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How the BBC could wield soft power The broadcaster could be be an effective instrument of influence — but it needs to raise its game

Clouds hover over Broadcasting House. Credit: Carl Court/Getty

Clouds hover over Broadcasting House. Credit: Carl Court/Getty

January 14, 2020   6 mins

In the brave new post-Brexit world, there is widespread agreement that if the UK wants to increase, or even maintain, its international influence, it will need to do more to maximise its “soft power”. And one of the most cherished and effective instruments of “soft power”, as seen from London at least, is the BBC.

As seen and heard from abroad, that essentially means the BBC World Service. Given its impressive figures, any government, not just one facing the uncertainties of Brexit, would see the potential.

The BBC World Service currently broadcasts in more than 40 languages to a global audience — across radio, television and internet — now estimated at 426 million a week, with a target of 500 million. But the television audience for English-language programmes has overtaken the English-language radio audience worldwide, and — along with digital — it is growing faster. So far as international broadcasting is concerned, the present and the future are television.

But how well equipped is BBC World Service television — now, after various name changes, officially called BBC World News — to spearhead a UK “soft power” offensive? Having regularly viewed both the BBC and its competition during frequent travels in recent months, I would sadly submit: not very.

With its global reach, its glorious history, and the advantage that the UK is home to the English language, the broadcaster is lauded as unique to “brand” Britain. Times have changed, though, since the BBC World Service (then radio only) ruled the airwaves, and the now 30-year old BBC World Service television looks distinctly unimpressive from abroad.

So why did the BBC’s global television service lose its edge? A more pertinent question would perhaps be whether it was ever the world-beater it claimed to be in the first place. Since its creation, in 1991, it is probably fair to say that a large part of its reputation was borrowed: it was automatically identified with the BBC World Service radio and allowed to bask, to an extent, in reflected glory.

But there were always big differences between the radio and television services. Where the radio had a long and distinguished history, and was funded until recently by a grand-in-aid from the Foreign Office (while running itself editorially), the TV arm was denied either government or licence-payer funding. It was set up, instead, as a commercial proposition, relying largely on advertising and subscriptions.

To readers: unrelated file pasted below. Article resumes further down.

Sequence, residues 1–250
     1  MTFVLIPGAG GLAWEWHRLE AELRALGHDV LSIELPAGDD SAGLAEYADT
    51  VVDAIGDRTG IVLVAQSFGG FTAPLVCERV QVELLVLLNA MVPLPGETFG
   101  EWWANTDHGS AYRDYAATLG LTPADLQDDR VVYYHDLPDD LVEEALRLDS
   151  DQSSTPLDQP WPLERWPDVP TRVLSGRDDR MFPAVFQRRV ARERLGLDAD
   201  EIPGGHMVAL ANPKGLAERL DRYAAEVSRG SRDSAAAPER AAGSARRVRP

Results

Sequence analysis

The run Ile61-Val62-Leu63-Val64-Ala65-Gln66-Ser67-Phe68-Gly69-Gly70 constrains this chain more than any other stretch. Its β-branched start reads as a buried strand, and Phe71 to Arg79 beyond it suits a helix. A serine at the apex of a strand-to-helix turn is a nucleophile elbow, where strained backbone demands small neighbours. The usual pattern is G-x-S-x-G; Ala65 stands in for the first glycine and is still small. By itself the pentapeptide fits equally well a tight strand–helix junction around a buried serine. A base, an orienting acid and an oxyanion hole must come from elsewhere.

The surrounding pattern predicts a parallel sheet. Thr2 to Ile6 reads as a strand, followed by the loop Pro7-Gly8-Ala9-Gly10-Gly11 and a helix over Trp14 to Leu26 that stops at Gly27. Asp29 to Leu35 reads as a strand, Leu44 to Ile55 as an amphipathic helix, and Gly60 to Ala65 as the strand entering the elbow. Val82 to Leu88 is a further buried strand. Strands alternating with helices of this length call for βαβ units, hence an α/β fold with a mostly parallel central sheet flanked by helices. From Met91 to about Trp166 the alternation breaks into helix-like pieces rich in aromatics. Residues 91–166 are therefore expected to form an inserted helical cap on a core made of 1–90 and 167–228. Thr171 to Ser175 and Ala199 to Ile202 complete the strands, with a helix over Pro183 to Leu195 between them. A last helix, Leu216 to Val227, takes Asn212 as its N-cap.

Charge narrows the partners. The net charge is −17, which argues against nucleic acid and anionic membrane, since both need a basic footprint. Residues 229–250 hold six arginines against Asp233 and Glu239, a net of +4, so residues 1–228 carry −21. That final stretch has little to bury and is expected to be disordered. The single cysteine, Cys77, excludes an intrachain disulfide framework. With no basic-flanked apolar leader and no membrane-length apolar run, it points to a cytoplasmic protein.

Because it uses many of the same correspondents and resources and benefits from the BBC brand, it has generally been treated with the same respect as the BBC World Service radio. But this respect hasn’t always been warranted. There have been questions, for example, about sponsored programming. But it has bred a certain complacency about the competition. For years, BBC World Service TV has been comparing itself favourably with American international broadcasters, such as CNN — which is not hard to do; the bar is not high —  while ignoring the growing appeal of European stations.

From what I’ve seen, the chief competition to the BBC today comes not from the US, but from the two premier European services: France 24 and Germany’s Deutsche Welle. While not a national broadcaster, the Lyon-based Euronews is up there, too.

All three broadcast internationally in English (often with native English-speaking presenters) as well as in other languages. France 24 has French, Arabic and Spanish, and a combined audience of 61 million; DW has Arabic as well as German, and a combined audience of 135 million (compared with 101 million for BBC World Service television which broadcasts only in English). Both are growing fast.

Taking these stations as the competition, then, BBC World News falls down on a host of comparisons, starting with the absolute basic: timely and worldwide news coverage. BBC World News boasts that it breaks more stories from more places than any other channel. How much of a recommendation that is, however, depends on what those stories are and how they are treated.

Travelling in Italy over Christmas, and in East and Central Europe during the autumn, I found the BBC to be slower on fresh news than the competition, and to have less hard news in the overall output than soft-ish and often repeated features. If I wanted to switch on and know what was happening, France 24 was a much better bet.

A specific example was coverage of the Russia-Ukraine end-of-year prisoner exchange, which on the BBC lagged far behind the actual news and was given little context. US shootings took precedence – even though the service was billed BBC World News Europe.